It depends on the application. For lower-budget installations, I am partial to Shure because they make inexpensive, reliable systems. For higher end systems, I would recommend Lectrosonics, Sennheiser, or the Shure UHF-R for their high quality RF components. I would not touch a Nady system with a ten foot pole. As far as EV goes, I have never worked with their systems so I cannot speak to their quality.
I like ShureUHF stuff. I also like Audio Technica's higher end stuff, probably a bit more the the UHF gear, though from my understand AT's computer networking system isn't as good as Shure's. That experience I have with Sennheiser has been good as well. I would avoid lower range AT things however.
I have a "tree" of 9, 4-year old AT 1400 series, 5, 3 year old AT 3000 series and 8 new Telex mt-50 (which came with our new school). While I am always thankful of what the community provides me at school, Telex microphones have all of the high end bells and whistles with low end casing. I broke 4 my last show. Not a single one of my cheap (but not cheaply made) 1400's broke.
I love my AT microphones for three reasons:
1. IMO, AT is a good quality, rugged microphone that doesn't necessarily gouge your budget (I would LOVE to buy some Sennheiser, but... WHEW... even though I see that they are getting better price-wise.). A very good tech friend once told me...
"Donnie... (I HATE that version of my name... especially because I'm 38 and it sounds so childish, but he was such a brilliant man, he could have called me ****head and I would have listened in rapture) if you break one of your cheaper, yet quality 1400's or 3000's, you won't cry buckets because at worst you are out 280 - 400 bucks. You break your 750-1000 dollar high end model and you're going to be a bit upset (his "high end" microphonesystem was a single rack unit comprised of 6 sony receivers with 6 transmitters that look very much like the AT 3000 transmitter that cost $1-k per channel and broke frequently) . Any tech director and artistic director can spend money... the question is, can you spend it wisely with a good future eye? Your worst case scenario... You'll have to pitch a non-repairable broken system and buy another new one for 200 - 500 bucks that will last every bit as long if you care for it."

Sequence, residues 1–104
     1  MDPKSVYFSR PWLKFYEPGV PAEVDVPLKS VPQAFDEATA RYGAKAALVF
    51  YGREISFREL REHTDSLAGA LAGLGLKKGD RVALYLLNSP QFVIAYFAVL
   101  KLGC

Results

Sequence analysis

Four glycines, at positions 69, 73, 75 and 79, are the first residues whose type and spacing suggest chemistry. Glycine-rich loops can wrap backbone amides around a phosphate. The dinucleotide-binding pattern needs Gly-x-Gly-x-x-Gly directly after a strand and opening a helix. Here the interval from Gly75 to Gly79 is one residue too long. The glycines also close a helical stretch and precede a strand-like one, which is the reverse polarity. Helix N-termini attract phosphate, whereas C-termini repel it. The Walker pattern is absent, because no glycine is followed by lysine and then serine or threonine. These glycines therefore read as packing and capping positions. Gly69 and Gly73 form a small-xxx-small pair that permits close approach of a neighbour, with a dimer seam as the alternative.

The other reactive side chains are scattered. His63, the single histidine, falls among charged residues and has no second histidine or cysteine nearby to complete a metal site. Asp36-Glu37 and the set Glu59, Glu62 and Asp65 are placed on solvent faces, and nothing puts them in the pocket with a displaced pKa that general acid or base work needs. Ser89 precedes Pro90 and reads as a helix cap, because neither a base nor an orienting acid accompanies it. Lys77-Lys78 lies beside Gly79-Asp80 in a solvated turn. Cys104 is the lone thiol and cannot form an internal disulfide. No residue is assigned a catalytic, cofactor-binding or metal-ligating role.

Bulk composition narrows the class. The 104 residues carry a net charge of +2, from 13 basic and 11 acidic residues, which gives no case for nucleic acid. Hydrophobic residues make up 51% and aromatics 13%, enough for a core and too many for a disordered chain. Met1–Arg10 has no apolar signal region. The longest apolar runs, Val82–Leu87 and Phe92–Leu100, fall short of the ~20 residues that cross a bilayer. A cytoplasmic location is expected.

What a brilliant man... I'm kind of bummed that he passed away in September.
2. AT is headquartered in Stow, Ohio (about 50 minutes from where my school is and 8 minutes from my alma matre, Kent State). I like this because if I don't get satisfaction to issues on the phone, I can go bang a desk or two.
3. Since I started my collection with the 1400's, I have locked myself into that brand. I have been told that it is easier to use similar brands. I wonder if this is really true?
Well, enough of the AT commercial.
Whatever brand you have, I am sure if you care for them and send them in for periodic maintenance (again... that 10% fund I mentioned yesterday on a different post), your microphones should last. Heck... up to the end, my good tech friend was using a VERY old VHFsystem that was an incredible reliable piece of equipment... often times replacing those sony's that broke at my old AD gig. All he did... care for them like his babies.
I'm quite partial to Sennheiser. I've used some of their body packs and handhelds for a few shows. The sound much nicer than the Sures we used alongside them. Dropped out less too.
Just out of curiosity, has anyone here used Comtek's wireless mics? We have a few in our theater and I hate them, always cutting out, making fuzzy noises, but that may be from the idiot who installed the system, but we do have countryman capsules for the lavs.
I'm very partial to Sennheiser. I love my university's Evolution Wireless 500 systems. They sound great and are really reliable. I'm also a fan of the Sennheiser 3000 series. At my job this summer we had old Vega wireless equipment that I'm sure was great in its time, but now just needs to be retired.
Nothing's wrong with EV wireless systems to my knowledge - in fact, being EV products I'd imagine that they're very well-built. They're just not a very popular choice in the theatrical world because of Shure, Sennheiser, and A-T's dominance.